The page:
Supergirl Radio Season 1.5 – Dragon Con 2016
07 Sep. 2016

Supergirl Radio Season 1.5 – Dragon Con 2016

In this episode of Supergirl Radio, you’ll hear the full panel Rebecca Johnson participated in at Dragon Con 2016.

Panel Description“The past year has seen great success and ridicule for the DC Media Verse. Batman v. Superman brings up a lot of strong reactions. What makes so many of the small screen versions work, but their heroes struggle in the theater? And will Wonder Woman fall victim to this as well?

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2 Responses

  1. Kevin says:

    Great panel. The segment I’ve found to be the most interesting was the humor discussion insofar as any attempt made to talk about the humor in the DCEU films feels like an exercise in nailing jello to the wall; it’s difficult to have the topic stay in one place. Full props to Rebecca starting the conversation well by asking about what people find humorous/funny, but where it became messy is when multiple panelists started to correlate everything they feel lacking in Snyder’s films such as levity and Superman’s humanity with humor.

    In my opinion, the very fact that they correlate humor with levity and Superman’s humanity reveals the possibility that the lack of humor wasn’t as much of an issue affecting their enjoyment of Snyder’s films as much as their narrow expectation of how any story featuring Superman, or superheroes in general, should be done. One can achieve levity without humor, as BvS’s bathtub scene or the scene where Clark returned home after learning how to fly greatly demonstrated, for example. Think of any thoroughly humorless/depressing/dark movie, and moments of levity could still be found without the use of comedic relief.

    As for the charge that Superman somehow lacked humanity due to the lack of him using humor or jokes as a coping mechanism, I genuinely wonder how these Superman fans dealt with highly acclaimed Superman stories like Kingdom Come where he barely cracked any joke or rarely smiled; the levity and Superman’s humanity didn’t need humor in order to shine through in KC. You wouldn’t accuse people of lacking humanity due to their shortage of wisecracks in real life, why do the same to Superman?

    Sorry for the long post, but its length only proves that this topic is far more complicated than Snyder’s dissenters’ “humor = humanity = levity” mantra makes it out to be, which is a shame because their mindset prohibits them from discussing what these films actually are instead of simply deeming their failure for not adhering to certain subjective values.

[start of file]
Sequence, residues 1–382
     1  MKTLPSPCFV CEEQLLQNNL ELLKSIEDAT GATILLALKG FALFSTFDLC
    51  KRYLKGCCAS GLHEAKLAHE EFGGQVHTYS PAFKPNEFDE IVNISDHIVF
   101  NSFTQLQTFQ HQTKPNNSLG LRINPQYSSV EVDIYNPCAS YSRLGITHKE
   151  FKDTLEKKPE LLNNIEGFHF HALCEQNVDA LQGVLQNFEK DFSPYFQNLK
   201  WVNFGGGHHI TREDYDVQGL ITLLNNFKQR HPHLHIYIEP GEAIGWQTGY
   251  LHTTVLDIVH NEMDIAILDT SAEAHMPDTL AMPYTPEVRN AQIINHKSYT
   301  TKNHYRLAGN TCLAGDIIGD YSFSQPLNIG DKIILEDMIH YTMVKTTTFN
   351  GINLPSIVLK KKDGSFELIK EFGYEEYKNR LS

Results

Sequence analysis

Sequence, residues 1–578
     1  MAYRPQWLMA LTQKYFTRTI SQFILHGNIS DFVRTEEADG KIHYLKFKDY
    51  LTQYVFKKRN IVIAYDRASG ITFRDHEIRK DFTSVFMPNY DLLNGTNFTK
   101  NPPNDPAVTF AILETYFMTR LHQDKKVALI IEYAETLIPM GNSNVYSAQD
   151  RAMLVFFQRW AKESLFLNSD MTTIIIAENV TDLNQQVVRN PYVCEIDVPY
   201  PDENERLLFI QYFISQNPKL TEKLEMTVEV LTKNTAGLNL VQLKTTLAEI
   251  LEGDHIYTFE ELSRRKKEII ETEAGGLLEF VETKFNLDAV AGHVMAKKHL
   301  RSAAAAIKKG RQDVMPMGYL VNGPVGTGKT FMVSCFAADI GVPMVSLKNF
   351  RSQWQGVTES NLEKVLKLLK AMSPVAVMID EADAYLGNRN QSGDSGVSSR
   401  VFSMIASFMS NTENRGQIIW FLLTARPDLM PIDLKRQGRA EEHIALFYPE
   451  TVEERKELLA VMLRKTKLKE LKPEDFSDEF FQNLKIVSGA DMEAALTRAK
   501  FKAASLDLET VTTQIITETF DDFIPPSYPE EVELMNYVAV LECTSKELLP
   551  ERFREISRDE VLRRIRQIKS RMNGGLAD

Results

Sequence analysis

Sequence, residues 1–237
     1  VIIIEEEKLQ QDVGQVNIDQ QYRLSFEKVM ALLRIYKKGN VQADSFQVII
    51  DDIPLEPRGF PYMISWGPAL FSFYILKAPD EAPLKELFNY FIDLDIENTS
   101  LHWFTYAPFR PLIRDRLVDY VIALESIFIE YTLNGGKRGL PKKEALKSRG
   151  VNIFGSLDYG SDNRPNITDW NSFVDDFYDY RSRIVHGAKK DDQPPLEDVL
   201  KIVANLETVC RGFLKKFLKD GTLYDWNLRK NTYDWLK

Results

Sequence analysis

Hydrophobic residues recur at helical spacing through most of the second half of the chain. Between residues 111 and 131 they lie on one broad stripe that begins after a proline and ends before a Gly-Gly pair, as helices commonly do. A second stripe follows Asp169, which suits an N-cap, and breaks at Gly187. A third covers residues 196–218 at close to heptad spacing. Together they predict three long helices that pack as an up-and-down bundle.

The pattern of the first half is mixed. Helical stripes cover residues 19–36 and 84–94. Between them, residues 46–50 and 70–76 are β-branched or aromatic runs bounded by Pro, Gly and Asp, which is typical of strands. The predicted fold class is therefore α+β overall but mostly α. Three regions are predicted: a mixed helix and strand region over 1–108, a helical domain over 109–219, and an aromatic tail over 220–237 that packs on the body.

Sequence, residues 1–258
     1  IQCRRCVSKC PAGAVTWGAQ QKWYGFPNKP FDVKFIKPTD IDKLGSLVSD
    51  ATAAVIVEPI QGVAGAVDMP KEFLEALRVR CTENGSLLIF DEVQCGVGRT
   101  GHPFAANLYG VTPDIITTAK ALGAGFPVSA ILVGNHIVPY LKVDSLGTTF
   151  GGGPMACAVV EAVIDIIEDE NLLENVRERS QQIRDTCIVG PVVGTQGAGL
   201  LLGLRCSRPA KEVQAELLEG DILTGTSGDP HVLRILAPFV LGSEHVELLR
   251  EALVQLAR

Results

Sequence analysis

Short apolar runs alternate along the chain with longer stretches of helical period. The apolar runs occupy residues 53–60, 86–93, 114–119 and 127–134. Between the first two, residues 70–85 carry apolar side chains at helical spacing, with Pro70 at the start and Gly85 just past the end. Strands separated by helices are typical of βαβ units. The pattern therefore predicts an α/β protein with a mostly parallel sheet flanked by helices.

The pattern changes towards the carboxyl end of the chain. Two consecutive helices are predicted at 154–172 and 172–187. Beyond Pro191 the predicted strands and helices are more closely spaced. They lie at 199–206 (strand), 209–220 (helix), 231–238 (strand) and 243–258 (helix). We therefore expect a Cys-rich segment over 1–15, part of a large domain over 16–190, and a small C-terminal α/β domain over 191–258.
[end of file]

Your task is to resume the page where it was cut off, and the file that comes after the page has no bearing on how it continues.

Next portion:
2. It is difficult to have a really nuanced discussion in an hour when you’re trying to cover so many other topics.

    Humor, like most aspects of art, is subjective. You and I won’t find the same things funny, but I think what we can recognize is when the attempt at levity and comedic relief is being made. Personally, I think it’s a false assertion to say there is absolutely NO humor in the DCEU when there are many moments that have brought either a smile to my face or a chuckle come out of my mouth. Now, maybe others don’t find Perry White’s sarcastic comments or Alfred’s dry wit funny, but that doesn’t mean they aren’t hilarious to someone else. That’s the thing about comedy. Not every joke is going to land with absolutely everyone.

    I also think the comedy in the DCEU movies is structured differently than humor you might find in say, the MCU. The DCEU’s humor comes from character traits or situational beats. You have to pay attention in order to get the joke. For example, in Batman v. Superman, Lex’s “Mother of GOD, look at the time!” makes me laugh because right before that, Lex Luthor has spent a whole scene explaining why he hates Superman and why he has kidnapped Martha Kent. He equates Superman to God and then delivers the “mother of God” line. It’s an intellectual use of comedic relief, but not everyone is going to pick up on why that’s funny if they haven’t focused in on the scene.

    I like your point, Kevin, that you can achieve levity without comedy. Levity can just be about giving the audience a chance to breathe or relax and your examples of the BvS bathtub scene or Clark’s return to Smallville do a wonderful job of that. They are light-hearted without having to set up a punchline.

    I do often wonder how much of Superman some people truly know because there are lots of variations on the character and some that are more serious than others. You don’t have to read Kingdom Come in order to be a Superman fan or talk about the character, but I think it’s important to realize that different incarnations have brought out different elements of his characterization and that’s a subject worth bringing to the table.

    Very often, I get frustrated that some folks only want to talk about the “lack of jokes” in these movies instead of the meaty content of their messages. There are many meaningful discussions to be had, but in some of these forums, unfortunately, we aren’t presented with opportunities to have them. So thank you for your fantastic comment, Kevin!